Quote:
The Sigma 18-125mm f/3.5-5.6 DC lens was exclusively designed for digital SLR cameras. The image circle (rear of lens) is made to match the smaller dimensions used for the image sensor on digital cameras. As a result these lenses are also more compact and lightweight, and are better matched to digital SLR cameras.
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Old November 24th, 2004, 06:08 PM   #7
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John, I just found that lens too. Looks pretty good, except I have reservations about Sigma. I know some of their telephoto lenses are very good, but have heard a lot of bad things about the sharpness of their cheaper lenses. Any reviews or MTF charts on this one?
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Old November 24th, 2004, 06:27 PM   #8
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The only two companies that have the "guts" to publish MTF charts are Canon and Carl Zeiss.
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Old November 24th, 2004, 08:09 PM   #9
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I wouldn't dare to compare a Sigma lens with a Canon for optical quality. But I've loved it since I got so tired of stepping back to fit the subject in the frame, and then guessing what's going to be cut off from the view in the viewfinder. This lens has made shooting with a 10D much more enjoyable.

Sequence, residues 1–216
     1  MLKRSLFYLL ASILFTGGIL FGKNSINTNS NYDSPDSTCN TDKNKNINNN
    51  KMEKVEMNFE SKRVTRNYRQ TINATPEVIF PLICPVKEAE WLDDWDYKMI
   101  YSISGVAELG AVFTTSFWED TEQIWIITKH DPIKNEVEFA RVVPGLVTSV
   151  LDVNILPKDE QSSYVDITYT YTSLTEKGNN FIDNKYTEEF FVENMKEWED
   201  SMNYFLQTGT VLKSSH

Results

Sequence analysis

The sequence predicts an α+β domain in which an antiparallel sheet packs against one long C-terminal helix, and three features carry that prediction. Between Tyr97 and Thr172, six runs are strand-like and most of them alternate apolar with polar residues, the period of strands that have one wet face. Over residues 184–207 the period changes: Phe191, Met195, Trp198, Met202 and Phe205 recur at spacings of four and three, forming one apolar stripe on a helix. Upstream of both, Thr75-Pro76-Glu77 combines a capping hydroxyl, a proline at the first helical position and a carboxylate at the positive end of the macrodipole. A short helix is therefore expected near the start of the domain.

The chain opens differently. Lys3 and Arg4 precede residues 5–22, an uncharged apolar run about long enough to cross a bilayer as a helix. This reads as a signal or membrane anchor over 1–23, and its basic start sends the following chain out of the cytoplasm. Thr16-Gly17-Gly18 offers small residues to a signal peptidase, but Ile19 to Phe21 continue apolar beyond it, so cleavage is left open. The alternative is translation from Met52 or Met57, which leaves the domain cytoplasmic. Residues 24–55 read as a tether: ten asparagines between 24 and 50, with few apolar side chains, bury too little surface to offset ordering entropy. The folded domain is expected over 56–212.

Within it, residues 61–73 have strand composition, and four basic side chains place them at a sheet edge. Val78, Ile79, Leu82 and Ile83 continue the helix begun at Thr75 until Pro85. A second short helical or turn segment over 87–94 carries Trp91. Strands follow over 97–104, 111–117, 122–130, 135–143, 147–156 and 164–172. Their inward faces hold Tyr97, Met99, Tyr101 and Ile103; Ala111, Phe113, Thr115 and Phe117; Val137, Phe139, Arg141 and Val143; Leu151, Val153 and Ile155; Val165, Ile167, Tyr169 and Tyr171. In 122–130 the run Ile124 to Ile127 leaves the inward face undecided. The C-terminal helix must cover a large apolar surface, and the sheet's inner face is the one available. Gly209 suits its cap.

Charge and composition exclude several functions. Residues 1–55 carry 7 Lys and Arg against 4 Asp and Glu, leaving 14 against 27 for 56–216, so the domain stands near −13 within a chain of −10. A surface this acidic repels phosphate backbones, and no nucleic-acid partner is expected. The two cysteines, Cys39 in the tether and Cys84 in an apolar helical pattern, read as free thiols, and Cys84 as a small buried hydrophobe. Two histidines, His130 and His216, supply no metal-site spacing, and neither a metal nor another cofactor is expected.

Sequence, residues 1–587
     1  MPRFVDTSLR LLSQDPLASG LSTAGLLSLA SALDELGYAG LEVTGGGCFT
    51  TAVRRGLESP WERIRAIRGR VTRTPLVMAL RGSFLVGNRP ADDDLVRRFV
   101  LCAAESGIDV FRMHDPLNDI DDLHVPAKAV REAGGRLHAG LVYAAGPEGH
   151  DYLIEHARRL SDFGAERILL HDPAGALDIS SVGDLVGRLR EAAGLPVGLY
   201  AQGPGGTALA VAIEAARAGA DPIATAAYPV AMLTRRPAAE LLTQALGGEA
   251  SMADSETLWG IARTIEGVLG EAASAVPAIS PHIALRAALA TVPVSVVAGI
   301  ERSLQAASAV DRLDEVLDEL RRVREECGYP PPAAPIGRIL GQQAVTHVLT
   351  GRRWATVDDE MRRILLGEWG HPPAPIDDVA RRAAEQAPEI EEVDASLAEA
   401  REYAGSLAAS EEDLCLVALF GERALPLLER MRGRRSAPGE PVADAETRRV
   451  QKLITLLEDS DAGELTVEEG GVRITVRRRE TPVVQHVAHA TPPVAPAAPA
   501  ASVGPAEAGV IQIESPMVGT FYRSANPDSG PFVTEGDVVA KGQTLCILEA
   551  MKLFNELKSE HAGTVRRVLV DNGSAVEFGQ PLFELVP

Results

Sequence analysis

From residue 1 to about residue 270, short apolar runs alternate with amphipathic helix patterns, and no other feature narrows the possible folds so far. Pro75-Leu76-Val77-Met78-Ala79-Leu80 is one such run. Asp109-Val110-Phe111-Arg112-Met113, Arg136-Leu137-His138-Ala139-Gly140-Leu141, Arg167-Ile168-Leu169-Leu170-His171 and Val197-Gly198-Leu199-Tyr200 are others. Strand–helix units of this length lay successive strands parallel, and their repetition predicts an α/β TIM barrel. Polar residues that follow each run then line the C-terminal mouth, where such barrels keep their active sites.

Of course, we could solve the whole problem by just getting a Mach III...
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Old November 24th, 2004, 08:22 PM   #10
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My solution to the crop/magnification factor was to buy the 15mm fisheye and defishing software.
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Old November 24th, 2004, 08:24 PM   #11
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Defishing software?! Hmmm...sounds interesting. Is it a PS plug-in by chance?
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Old November 24th, 2004, 08:45 PM   #12
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The Imaging Factory plug-in, Debarrelizer is my favorite and it's cheap $40. Sigma has a very highly regarded fisheye also. It's the only Sigma lens I would consider, after all, how hard is it to make a lens with 100% distortion?
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Old November 24th, 2004, 09:21 PM   #13
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I had the Sigma 18-125 and although it isn't a bad lens, I found that at full wide angle there was some obvious vignetting. And it tended to be soft at 18mm and 125mm, but that could have just been my copy.
I loved the range, but in the end I sold it for a Tamron 28-75 F2.8 and so far have not regretted it one bit.
I love the constant aperture, and it's 'almost' L quality images.
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Old November 24th, 2004, 11:47 PM   #14
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<<<-- Originally posted by Jeff Donald : The only two companies that have the "guts" to publish MTF charts are Canon and Carl Zeiss. -->>>

Heh.... That explains why I couldn't find any for the Sigma 50-500mm lens. Spent about an hour and a half looking for it a couple days ago. Doh. :)